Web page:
Jonathan M. Yeager, Enlightened Evangelicalism: The Life and Thought of John Erskine (New York: Oxford University Press, 2011).
This excellent new book is a “life and thought” of one of Edwards’ most important correspondents, the Rev. John Erskine, a leading divine in the Church of Scotland from 1744 until his death in 1803.
The best-known minister of the “Popular party” in the eighteenth-century Kirk, Erskine repackaged orthodox Calvinism to meet Enlightenment challenges. Like Edwards, he was a Calvinist, a passionate evangelical, a serious intellectual, and a major bibliophile who contributed to what we might call, ironically, the Protestant or Christian republic of letters. By means of extensive correspondence, to which he attached hundreds of books for numerous evangelical friends on both sides of the Atlantic, Erskine proved extremely important to the intellectual development of other leading ministers, such as Edwards, Joseph Bellamy, Samuel Hopkins, Thomas Foxcroft, Jedidiah Morse, and John Ryland, Jr. By means of his editorial labors, Erskine also played a leading role in spreading Edwards’ writings through Great Britain.
Yeager’s book is not so much a standard biography as a monograph describing Erskine’s life and interpreting it in relation to the Scottish and British Enlightenments, the history of the book in the early modern Atlantic world, Anglo-American religion, and the history of Protestant thought. Yeager complicates (further) our understanding of the Enlightenment, contributing to the revision of the history of the Enlightenment underway for a generation (by including Erskine within it, along with other evangelicals). He adds color and detail to our pictures of the history of the book and of the book trade in Britain in America. He fills out our understanding of the transatlantic Awakening, the rise of evangelicalism, and modern Protestant history.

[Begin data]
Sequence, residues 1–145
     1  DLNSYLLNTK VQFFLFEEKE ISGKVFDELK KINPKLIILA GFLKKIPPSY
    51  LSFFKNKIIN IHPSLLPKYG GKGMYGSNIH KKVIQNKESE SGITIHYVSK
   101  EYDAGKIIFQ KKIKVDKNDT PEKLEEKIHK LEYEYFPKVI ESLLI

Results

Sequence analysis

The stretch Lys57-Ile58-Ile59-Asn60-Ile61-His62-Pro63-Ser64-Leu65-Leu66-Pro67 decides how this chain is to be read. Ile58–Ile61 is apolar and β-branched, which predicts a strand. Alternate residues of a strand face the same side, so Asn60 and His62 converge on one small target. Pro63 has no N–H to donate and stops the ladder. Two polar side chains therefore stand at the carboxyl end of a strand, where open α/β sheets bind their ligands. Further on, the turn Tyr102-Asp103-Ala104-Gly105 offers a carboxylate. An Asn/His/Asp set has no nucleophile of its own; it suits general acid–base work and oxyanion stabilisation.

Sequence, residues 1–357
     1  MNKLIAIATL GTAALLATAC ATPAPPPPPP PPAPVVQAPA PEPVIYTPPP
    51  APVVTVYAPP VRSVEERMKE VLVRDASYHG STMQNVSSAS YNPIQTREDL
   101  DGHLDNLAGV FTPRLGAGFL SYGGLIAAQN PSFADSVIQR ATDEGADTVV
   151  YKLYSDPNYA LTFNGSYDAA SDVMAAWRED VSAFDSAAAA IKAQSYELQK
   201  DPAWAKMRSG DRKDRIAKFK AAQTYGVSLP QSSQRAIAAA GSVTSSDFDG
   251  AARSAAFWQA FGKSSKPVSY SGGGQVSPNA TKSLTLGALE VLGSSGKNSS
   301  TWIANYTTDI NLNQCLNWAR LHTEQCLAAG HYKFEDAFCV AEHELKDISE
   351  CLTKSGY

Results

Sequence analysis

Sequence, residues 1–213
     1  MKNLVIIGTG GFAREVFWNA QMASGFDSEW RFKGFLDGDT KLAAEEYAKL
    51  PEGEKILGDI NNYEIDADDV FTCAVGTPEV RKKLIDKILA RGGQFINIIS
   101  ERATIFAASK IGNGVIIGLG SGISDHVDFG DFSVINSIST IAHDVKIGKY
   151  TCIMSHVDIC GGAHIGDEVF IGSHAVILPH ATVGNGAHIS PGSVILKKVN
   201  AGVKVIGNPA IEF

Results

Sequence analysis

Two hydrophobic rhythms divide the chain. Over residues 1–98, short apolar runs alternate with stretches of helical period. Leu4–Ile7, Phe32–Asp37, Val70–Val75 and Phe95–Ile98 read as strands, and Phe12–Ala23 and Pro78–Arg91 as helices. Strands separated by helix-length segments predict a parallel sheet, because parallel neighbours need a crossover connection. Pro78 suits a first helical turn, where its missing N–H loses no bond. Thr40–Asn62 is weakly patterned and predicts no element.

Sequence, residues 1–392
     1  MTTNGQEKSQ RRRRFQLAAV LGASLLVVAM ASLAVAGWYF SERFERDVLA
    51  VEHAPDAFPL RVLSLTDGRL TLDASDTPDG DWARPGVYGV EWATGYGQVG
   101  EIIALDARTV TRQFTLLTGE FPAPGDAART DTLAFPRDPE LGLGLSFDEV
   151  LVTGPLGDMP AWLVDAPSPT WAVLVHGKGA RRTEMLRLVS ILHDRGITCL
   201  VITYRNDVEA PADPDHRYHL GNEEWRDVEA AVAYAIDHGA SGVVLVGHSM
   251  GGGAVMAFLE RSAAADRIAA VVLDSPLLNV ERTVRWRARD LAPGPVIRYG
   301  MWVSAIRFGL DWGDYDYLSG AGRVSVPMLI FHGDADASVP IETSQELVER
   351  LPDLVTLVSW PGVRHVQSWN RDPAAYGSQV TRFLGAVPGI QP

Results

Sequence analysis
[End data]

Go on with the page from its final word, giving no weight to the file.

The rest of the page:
His main argument is that Erskine was most important to posterity not as a pastor or an author, but as a disseminator of evangelical Calvinism through books and through extensive correspondence. Erskine learned both German and Dutch–while a senior, in his sixties–so that he could transmit the latest continental European thought to the Anglo-American world. He spent countless hours per week writing letters to thinkers abroad, often thousands of miles away, many of whom he never met. He spent untold amounts of money sending books to his friends. He devoted much of his energy, nearly every week of his life, to the spread of religious news.
Erskine was not as visible in his contribution to evangelicalism as Jonathan Edwards, John Wesley or George Whitefield, which is probably why Scotland’s leading eighteenth-century evangelical has occupied a veritable unmarked grave among the more elaborate monuments. Whereas many notable evangelicals busily traveled throughout Britain and America or penned definitive theological treatises, Erskine’s significance was as a propagator of books. Although he published many of his sermons and put forward some interesting theological essays, he remained content as a man behind the scenes, promoting the abilities and writings of others (p. 204).
He reminds me of the leading Christian bloggers at work today, Justin Taylor for example, who describes his own work in similar terms.
Yeager’s scholarship is solid, his writing clear and compelling. Enlightened Evangelicalism is now the definitive treatment of Erskine’s life and crucial literary labors.
–By Douglas Sweeney, Director of the JEC at TEDS